Solomons to send 80 athletes to China for Pacific Games training

Prime Minister Manasseh Sogavare meets the Vice Chairman of China International Development Cooperation Agency, Tang Wenghong.

Dozens of athletes from the Solomon Islands will train in China for three months to sharpen their competitiveness for the Pacific Games in November, underlining the intention of both countries to make the sporting event a showcase of Chinese-Pacific cooperation. 

China is covering more than half the cost of the quadrennial games that will be staged in the Solomon Islands capital Honiara. Several thousand athletes from two dozen Pacific island countries and territories are expected to compete in the events. 

The training arrangements were formalised Monday after a meeting between Solomon Islands Prime Minister Manasseh Sogavare, Chinese Ambassador Li Ming and officials from the China International Development Cooperation agency. The two countries also signed a memorandum of understanding to deepen China’s broader development assistance.  

Reporters were allowed to take photos after the signing but not to ask questions.  

“During the brief courtesy visit, Solomon Islands and People’s Republic of China engaged in cordial, in-depth and rewarding communication that enhances SI-PRC cooperation,” Sogavare’s office said in a statement.  

When the 80 Solomon Islands athletes return from China they will be accompanied by nine Chinese coaches who will continue their training up until the games, according to information provided to BenarNews by Sogavare’s office.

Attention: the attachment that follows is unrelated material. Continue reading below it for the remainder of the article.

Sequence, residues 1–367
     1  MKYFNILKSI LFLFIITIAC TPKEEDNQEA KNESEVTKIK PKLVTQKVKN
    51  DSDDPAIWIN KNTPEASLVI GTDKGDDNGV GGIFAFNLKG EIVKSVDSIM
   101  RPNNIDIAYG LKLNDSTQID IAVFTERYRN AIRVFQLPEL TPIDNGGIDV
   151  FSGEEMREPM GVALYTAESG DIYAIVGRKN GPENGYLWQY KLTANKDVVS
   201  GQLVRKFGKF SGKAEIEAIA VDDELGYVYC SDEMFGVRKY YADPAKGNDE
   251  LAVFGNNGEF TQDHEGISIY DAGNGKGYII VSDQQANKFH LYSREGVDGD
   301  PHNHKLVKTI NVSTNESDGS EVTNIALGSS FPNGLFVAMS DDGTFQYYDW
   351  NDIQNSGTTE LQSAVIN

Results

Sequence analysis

The games are an example of Chinese largesse in the Pacific region, where Beijing and the United States are competing for influence. A U.S delegation led by Kurt Campbell, the White House’s Indo-Pacific coordinator, is visiting Pacific island countries this week including the Solomon Islands. 

The Solomon Islands is aiming to win 40 gold medals at the 2023 games, which would be a record haul for the country. It brought home four golds from the 2019 Pacific Games and frequently none at earlier games, which have been held every four years since the early 1960s. 

At a one-year-to-go event in November last year, National Hosting Authority Chairman Jimmie Rogers bemoaned how neighbouring countries with populations of little more than 10,000 people had outcompeted the Solomon Islands – the third most populous Pacific island nation – in past games. 

China is contributing half of the approximate SBD$1.85 billion (US$226 million) cost of the Pacific Games – which includes construction of the main stadium and other facilities – and the Solomon Islands government nearly one third. Australia, Indonesia, Papua New Guinea and Japan also have made contributions. 

Sogavare’s government switched its diplomatic recognition to Beijing from Taiwan in 2019. And in April last year, it signed a security pact with China that alarmed the United States and its allies.  

Some in the Solomon Islands, including opposition leader Matthew Wale, have criticised the focus on the games when the country is struggling with a lack of basic healthcare and infrastructure.  

Others say that in a country still predominantly rural, the games won’t have any impact outside Honiara and will reinforce the gap in development with other islands. 

Tonga pulled out of hosting the 2019 Pacific Games after the government decided it was unaffordable for the island country of some 100,000 people.